But yes, coming up with a general naming/reference scheme would solve that issue. It might require storing more details in pyvenv.cfg, but that’s not a huge issue.

They only care about version until they install a package that has a native module in it. Then suddenly they care a lot about platform and bitness :slight_smile:

virtualenv built-in discovery mechanism supports both Unix and windows, and currently allows users to care about: implementation (cpython Vs pypy), version (major/minor/patch), and bitness (32 Vs 64). tox already had all this, and to some extent virtualenv too, so consolidated code to virtualenv entirely. In theory could be it’s own package :man_shrugging:

https://virtualenv.pypa.io/en/stable/user_guide.html#python-discovery

I couldn’t find docs on how tox handles this. Is there a page listing how to specify the varieties of options?

Probably the first step is to decide on what format we want to standardize on for specifying what interpreter you want and get that written down in a PEP or something. Once we have that then we can make sure virtualenv, tox, Python Launcher, etc. all support the same format and the Python-based ones can all standardize on a library implementing it (Python Launcher probably can’t as it needs to be in C/Rust and I don’t think tox or virtualenv want an extension module dependency).

Ok, I’ll admit that I didn’t actually read the whole thread, but one thing I read over and over is “should pip do everything?” And while I think this is a good question (e.g. wheel is an external package that demonstrated enough utility to become the defacto distribution format), I think the very fact that pip implements a PEP 517 interface with setuptools already suggests that it should do everything. Or at least, it should be able to build from source.

I gotta say folks, PEP 517 feels like a godsend. I’ve been trying to figure out how to package python packages “the right way” for the better part of 2 years now, and it’s not very easy to figure out. It took me longer than it should have to realize that wheels are the way to go. It also took me forever to figure out that setuptools is in fact the preferred way to package. PEP 517 makes 2 afirmative statements that make my life much easier: (1) “Here’s how to package python”, and (2) “Here’s the default tools for packaing python”. This at least makes it clear that there’s an interface and a set of options that aren’t (or are) non-conformant hacks. It also finally provides the interface necessary for me to decide as a packager to use non-standard tools and not be afraid that users won’t be able to install my package. :relieved:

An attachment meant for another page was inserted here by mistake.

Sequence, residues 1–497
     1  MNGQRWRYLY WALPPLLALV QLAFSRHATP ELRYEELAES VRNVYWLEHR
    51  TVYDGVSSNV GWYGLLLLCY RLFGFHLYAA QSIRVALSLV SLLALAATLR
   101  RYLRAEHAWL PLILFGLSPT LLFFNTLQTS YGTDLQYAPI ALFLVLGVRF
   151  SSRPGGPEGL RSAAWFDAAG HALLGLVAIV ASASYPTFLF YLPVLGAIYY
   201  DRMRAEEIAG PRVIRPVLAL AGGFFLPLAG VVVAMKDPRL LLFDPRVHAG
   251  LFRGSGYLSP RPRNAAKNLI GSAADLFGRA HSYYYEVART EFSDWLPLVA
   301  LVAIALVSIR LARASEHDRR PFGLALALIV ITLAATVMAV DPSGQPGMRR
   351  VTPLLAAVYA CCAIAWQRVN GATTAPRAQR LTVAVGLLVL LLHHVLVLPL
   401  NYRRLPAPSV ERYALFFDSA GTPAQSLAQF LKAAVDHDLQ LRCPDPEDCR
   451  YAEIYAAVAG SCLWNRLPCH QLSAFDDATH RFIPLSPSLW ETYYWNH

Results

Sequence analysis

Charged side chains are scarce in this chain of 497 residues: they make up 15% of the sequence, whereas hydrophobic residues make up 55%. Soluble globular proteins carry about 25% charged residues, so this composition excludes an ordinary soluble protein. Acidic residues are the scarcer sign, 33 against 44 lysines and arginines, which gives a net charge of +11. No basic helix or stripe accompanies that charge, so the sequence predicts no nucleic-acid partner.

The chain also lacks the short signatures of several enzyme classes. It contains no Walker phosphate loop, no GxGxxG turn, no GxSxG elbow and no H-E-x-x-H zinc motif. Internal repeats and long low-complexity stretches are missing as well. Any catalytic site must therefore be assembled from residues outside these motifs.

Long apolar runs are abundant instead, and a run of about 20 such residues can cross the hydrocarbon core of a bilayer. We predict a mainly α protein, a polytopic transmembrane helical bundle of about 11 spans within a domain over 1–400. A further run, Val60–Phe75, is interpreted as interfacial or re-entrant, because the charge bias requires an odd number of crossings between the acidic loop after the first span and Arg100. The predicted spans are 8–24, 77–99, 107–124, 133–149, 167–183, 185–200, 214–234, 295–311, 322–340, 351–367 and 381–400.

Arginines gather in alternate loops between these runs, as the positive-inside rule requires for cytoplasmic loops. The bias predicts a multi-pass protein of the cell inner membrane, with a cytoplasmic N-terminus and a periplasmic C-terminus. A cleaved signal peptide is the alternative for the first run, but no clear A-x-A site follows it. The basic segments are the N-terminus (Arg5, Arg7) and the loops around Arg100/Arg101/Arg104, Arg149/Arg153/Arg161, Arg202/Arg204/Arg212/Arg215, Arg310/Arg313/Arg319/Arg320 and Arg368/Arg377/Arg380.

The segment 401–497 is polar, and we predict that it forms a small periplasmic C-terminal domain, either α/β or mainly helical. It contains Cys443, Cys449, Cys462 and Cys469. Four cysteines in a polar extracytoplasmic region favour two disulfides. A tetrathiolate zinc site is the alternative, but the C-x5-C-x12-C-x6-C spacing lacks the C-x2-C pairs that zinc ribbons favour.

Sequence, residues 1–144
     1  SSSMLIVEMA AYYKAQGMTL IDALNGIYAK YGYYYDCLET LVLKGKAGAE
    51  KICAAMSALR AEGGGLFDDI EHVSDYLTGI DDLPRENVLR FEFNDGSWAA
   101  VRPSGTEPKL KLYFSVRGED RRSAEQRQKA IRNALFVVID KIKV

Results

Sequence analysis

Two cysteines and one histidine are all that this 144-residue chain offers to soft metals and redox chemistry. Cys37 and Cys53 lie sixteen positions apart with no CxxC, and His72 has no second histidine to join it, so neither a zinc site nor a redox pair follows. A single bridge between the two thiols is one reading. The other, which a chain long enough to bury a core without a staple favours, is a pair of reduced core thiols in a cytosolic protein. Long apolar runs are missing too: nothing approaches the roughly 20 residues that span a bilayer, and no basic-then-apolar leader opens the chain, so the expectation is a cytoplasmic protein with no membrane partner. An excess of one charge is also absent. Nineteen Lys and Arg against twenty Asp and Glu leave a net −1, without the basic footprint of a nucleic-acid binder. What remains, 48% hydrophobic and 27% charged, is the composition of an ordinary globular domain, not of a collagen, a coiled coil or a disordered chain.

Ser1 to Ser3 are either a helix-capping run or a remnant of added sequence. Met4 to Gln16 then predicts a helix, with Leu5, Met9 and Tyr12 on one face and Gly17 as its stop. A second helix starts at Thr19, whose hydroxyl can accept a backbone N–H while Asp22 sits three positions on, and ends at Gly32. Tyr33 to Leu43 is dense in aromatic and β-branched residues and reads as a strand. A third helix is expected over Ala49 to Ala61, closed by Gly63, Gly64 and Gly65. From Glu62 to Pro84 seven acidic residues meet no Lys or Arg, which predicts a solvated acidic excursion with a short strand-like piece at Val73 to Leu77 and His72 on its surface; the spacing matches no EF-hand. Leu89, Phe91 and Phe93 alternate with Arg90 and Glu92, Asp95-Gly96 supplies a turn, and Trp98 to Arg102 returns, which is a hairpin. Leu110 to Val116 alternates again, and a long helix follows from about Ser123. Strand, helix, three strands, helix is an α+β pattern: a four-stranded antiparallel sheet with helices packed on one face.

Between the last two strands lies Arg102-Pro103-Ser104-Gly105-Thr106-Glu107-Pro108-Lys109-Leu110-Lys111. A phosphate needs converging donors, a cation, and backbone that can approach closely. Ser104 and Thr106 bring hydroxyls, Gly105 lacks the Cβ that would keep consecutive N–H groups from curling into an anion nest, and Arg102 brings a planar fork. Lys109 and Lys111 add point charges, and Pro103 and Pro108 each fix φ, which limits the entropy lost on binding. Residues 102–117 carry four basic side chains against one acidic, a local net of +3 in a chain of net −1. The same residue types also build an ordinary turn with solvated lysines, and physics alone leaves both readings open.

As a python user and package author it would be very confusing if the tool that’s capable of building a wheel using a long-standing interface (i.e. pip wheel) suddenly disappeared because building packages got better :thinking:. So again, as a user here, I’m pretty happy with a discussion on what would feel like an implementation details about publishing another package for pybuild as the equivalent to pip wheel but for PEP517. It may be a very good idea to separate out that functionality into another tool, if that tool is also the default choice for pip, (and replacable via pyproject.toml). It may also make sense to first implement the interface in pip and later pull it out into a shared implementation. But frankly, seeing a pip sdist will just make so much sense to me given the existing tooling, names, pep517 interface, etc.

Furthermore, all python developers are package maintainers, right? Except in corporate environments where there’s enough money/staff for python build engineers. The notion of user modes as producer vs consumer is a false dichotomy, except for those rare python developers who never share their code with anybody. And frankly, are we considering them a core demographic to consider? I mean isn’t the very implementation of pip and pypi.org and ssh+github links in requirements.txt a value statement about sharing open-source code?

Anyways, I love what y’all are doing. pip makes the very idea of distributing shared code seem a world easier than what I’m usually dealing with (c++ distributions :sob:). I hope my comments can shed a little bit of light on what users are wanting.

Thanks y’all